“The Rings of Akhaten” had some interesting character stuff in it as well as some nice higher sci-fi concepts, and “Nightmare in Silver” shows us that whatever issues I may have with it, Who is probably the closest modern equivalent we have to those groundbreaking ‘60s shows like Star Trek and The Twilight Zone – a show where respected sci-fi writers can just drop in to write episodes every now and again (John Scalzi, you listening? We know you’re a Whovian who has experience with writing dumb TV shows).

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Doctor Who: The Bells of Saint John

Well, let’s plunge ourselves back into the unpredictable rip current of Doctor Who. Now, I bashed the previous episode, 2012 christmas special “The Snowmen”, because it had a dumb plot and an inconsistent tone. At the time, though, I was pretty happy with it. The point of the episode was to introduce a new companion, and it did so pretty well: We got to know the compassionate teacher and lady-out-of-time Clara Oswald. Though she seemed a little generic, I was looking forward to future episodes fleshing her out and establishing her as something other than another tiresome “Most important person in the universe, with a love-hate relationship with the Doctor” companion.

Well, here we are at the season premiere (I’m not going to split hairs with Brit vs. American terms, or with the wonky series division the BBC has – the run of episodes from now until “Time of the Doctor” is the 2013 season for me). Let’s see how things pan out, and whether promoted internet weird guy Stephen Moffat can work his customary magic to restore my faith and fandom in the show.

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Doctor Who: The Snowmen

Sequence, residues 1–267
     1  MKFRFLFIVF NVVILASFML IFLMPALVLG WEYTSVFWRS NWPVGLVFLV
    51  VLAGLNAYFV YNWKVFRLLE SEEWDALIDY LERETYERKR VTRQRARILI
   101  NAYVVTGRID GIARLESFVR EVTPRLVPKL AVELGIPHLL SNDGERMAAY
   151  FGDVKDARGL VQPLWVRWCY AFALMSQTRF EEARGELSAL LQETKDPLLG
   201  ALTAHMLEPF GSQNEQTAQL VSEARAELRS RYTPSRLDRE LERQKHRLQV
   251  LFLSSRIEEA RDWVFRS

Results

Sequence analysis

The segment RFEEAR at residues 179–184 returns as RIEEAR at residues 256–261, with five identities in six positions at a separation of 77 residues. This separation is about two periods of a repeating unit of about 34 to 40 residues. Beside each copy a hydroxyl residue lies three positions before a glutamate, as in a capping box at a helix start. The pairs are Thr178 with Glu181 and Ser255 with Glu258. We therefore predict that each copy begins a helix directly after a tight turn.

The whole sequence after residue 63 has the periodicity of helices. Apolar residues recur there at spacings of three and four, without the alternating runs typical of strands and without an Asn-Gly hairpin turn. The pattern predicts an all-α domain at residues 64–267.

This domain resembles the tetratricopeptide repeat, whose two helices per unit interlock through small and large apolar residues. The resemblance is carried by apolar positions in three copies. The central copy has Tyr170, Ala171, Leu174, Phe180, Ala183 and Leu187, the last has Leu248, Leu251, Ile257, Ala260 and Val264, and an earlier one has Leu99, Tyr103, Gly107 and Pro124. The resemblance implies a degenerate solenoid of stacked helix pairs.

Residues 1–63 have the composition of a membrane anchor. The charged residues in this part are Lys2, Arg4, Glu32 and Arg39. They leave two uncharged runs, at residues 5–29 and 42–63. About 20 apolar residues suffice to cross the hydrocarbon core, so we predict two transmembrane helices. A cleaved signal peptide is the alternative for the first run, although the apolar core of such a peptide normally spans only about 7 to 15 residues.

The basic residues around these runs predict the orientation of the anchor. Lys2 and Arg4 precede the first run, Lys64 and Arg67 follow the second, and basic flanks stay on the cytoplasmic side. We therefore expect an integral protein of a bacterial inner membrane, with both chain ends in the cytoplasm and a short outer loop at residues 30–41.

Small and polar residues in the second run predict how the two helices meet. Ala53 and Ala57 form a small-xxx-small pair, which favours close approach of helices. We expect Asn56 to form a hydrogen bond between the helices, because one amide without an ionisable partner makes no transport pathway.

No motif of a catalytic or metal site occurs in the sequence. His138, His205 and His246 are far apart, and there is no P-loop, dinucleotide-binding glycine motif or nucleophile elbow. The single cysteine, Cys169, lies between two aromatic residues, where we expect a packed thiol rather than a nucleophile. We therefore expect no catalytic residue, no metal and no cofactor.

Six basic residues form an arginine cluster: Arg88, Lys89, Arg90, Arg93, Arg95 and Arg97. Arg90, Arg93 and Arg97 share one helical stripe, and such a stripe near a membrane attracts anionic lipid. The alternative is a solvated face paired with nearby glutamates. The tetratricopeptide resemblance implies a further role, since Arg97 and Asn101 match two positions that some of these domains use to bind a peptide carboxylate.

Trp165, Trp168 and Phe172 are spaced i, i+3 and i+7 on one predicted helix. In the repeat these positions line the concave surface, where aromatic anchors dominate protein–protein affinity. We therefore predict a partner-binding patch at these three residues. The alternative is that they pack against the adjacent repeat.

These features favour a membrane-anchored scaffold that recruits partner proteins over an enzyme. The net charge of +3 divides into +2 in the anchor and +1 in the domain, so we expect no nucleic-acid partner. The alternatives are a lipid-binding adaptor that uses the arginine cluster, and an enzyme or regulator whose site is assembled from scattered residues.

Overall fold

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Things like last year’s Doctor Who Christmas special, “The Snowmen” are the reason this site exists: When I first saw it, I thought it was a decent episode – that its main flaw was that it relied too much on setting up questions to be answered in later episodes, but I was eager to see those questions resolved all the same.

Now, armed with the knowledge given to me by this past year of Doctor Who, I can make a more definite appraisal of this episode, and thus I can safely say that I really don’t like it.

In many ways, it typifies writer and showrunner Steven Moffat’s approach to the show, of late – we get armfuls of banter, grand spectacles filled with raw emotion and theatrical symbolism, goons with creepy faces, recognizable references to the classic series… but it’s all done without any sense or consistency, and so quite a lot of it just doesn’t work for me.

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Doctor Who: The Power of Three

“Invasion of the very bad mystery story…”

Well then, Doctor Who, the venerable British sci-fi television show. I’ll put my All-Star Superman hat on to introduce it…

Powerful aliens. Blue box. Horrible war. Human friends. Doctor Who! (more…)